Samsung MM-A940 (SPH-A940)
You wouldn't be too far off base if you confused the Samsung MM-A940 for Sprint with Verizon's . The cell phones sport nearly identical designs, and they offer comparable feature sets. Despite these similarities, however, the MM-A940 is a solid handset in its own right. Along with the , the MM-A940 is one of Sprint's first 3G EV-DO mobiles, and it offers a high-end set of multimedia features, including support for streaming video and audio, a 2-megapixel camera, Bluetooth, and an MP3 player. Though these offerings don't always come together as they should--photo quality was especially disappointing--and the design may be too much for some, the Samsung MM-A940 is nonetheless an attractive and powerful cell phone for Sprint customers. You'll pay for the privilege, of course, at $399, but you can find it cheaper with service. As we said earlier, the Samsung MM-A940 and are nearly identical twins. Both are silver flip phones without external antennas, and they offer several similar features in equally hefty packages. The MM-A940 measures 3.7 by 1.8 by 1.0 inches and weighs 4.9 ounces. Such dimensions mean the phone will slide only into bigger pockets and will add a noticeable bulge to a purse or bag; anyone looking for a compact cell phone should keep shopping. The postage stamp-size exterior display supports 65,000 colors and shows the date, time, battery life, signal strength, and--where available--photo caller ID. Unlike the SCH-A940, the Samsung MM-A940 isn't set in a mirrored frame. Though it goes completely dark when the backlight is off (you can't change backlight time), a quick flip of the volume rocker rebrightens the screen. Below the display are a LED light; handy control buttons for using the MP3 player, though only when the front flap is closed; and stereo speakers.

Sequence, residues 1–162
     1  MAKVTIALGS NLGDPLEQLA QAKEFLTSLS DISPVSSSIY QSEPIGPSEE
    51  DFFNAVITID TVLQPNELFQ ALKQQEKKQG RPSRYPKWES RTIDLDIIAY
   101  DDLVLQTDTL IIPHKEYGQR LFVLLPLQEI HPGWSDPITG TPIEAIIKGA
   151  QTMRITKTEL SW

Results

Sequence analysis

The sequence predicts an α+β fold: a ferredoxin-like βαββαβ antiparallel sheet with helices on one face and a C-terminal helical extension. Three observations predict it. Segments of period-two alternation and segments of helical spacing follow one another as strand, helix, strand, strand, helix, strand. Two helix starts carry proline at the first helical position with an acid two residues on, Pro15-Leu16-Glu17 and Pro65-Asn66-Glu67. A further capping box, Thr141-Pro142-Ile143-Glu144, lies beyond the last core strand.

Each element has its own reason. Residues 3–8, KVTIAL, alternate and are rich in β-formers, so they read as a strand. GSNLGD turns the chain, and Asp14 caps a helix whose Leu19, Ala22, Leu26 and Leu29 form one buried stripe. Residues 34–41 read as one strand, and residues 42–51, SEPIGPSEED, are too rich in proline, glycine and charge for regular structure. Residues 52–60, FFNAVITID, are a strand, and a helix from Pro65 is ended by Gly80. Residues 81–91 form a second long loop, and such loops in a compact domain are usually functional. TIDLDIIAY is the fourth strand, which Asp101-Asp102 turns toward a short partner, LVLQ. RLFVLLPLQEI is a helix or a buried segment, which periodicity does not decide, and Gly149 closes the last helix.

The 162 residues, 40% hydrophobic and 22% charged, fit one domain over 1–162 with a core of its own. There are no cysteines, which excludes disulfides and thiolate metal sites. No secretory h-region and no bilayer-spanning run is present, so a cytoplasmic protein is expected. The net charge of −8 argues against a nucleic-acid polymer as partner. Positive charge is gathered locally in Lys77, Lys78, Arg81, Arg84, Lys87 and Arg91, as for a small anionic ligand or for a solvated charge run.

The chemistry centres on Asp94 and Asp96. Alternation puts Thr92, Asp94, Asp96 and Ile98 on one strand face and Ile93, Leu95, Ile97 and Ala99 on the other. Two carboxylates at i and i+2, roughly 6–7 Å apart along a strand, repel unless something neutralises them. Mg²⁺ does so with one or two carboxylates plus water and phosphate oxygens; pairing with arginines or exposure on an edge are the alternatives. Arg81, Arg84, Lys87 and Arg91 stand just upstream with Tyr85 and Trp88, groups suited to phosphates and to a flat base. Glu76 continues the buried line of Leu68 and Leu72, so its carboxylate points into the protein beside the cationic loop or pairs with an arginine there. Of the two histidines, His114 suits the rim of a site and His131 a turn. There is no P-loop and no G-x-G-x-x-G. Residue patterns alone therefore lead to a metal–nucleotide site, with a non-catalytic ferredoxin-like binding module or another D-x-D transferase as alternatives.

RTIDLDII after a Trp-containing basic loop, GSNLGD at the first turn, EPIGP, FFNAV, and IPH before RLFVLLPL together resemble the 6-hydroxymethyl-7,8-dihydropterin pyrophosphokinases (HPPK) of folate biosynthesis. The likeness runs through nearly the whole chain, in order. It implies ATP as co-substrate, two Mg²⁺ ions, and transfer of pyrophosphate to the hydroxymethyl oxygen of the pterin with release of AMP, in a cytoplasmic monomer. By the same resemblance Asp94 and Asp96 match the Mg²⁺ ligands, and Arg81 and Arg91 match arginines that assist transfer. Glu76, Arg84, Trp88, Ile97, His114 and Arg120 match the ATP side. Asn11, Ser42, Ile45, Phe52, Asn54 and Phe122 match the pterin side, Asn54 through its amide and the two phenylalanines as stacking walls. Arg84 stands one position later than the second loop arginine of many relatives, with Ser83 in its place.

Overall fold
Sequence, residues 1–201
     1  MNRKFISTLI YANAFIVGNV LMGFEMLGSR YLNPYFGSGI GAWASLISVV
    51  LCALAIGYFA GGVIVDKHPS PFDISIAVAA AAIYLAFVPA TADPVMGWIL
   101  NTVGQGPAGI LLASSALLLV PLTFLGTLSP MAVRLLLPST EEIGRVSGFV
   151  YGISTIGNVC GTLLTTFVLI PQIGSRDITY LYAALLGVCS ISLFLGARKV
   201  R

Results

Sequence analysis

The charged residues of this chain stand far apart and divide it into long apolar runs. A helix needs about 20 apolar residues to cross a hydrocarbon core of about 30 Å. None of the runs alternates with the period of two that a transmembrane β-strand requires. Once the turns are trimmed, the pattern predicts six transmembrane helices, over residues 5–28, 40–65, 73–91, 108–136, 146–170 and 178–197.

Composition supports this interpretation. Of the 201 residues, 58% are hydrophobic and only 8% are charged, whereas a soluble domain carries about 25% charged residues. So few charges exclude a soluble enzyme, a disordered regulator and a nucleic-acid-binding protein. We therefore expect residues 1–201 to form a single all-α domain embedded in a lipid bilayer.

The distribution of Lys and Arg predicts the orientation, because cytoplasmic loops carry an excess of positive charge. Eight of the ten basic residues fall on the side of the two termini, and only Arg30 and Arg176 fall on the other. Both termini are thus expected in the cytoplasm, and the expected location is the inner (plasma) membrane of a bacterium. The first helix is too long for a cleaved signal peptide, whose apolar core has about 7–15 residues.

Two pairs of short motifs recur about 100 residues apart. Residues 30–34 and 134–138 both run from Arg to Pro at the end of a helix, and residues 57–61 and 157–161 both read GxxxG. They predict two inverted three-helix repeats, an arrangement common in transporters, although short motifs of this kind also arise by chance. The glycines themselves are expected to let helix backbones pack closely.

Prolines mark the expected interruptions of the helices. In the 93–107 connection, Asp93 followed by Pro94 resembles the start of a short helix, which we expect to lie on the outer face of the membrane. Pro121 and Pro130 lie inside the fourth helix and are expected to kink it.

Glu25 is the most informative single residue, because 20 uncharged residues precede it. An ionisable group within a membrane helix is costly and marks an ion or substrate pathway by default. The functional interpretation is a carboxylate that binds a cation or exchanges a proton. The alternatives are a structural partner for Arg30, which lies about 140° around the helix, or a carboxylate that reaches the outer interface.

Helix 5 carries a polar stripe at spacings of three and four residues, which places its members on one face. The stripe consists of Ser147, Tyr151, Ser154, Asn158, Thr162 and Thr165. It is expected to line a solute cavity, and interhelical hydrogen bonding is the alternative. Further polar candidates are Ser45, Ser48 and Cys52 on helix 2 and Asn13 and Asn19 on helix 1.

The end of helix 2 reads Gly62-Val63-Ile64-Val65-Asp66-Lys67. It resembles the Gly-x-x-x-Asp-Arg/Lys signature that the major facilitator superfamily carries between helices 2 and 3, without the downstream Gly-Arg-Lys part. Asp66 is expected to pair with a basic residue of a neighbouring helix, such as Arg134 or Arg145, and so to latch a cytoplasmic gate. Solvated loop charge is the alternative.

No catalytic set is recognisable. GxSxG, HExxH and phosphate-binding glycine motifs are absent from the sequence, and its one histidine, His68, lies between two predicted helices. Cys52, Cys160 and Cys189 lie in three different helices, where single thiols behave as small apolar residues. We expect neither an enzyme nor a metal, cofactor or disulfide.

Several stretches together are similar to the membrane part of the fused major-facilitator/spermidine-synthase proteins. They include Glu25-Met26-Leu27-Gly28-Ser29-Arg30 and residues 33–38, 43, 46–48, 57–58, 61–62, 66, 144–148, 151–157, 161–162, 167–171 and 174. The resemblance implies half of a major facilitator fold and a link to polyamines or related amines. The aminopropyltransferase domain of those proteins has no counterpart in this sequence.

The Samsung MM-A940, like its sibling, sports a few unique design elements. In particular, the camera lens and flash are located at the hinge on the left side of the phone. Though this arrangement may sound unwise, it makes sense once you flip open the phone. By rotating the display 90 degrees to the right after opening, you can use the main display as a viewfinder with the lens pointing away from you. Alternatively, you can also rotate the display to the left for a self-portrait. In either case, rotating the display automatically activates the camera, and swiveling it back turns the camera function off. Though the overall design is fun and eye-catching, it may be too complicated for some. Also, while the MM-A940 felt solid in our hands, the flip mechanism seemed somewhat loose.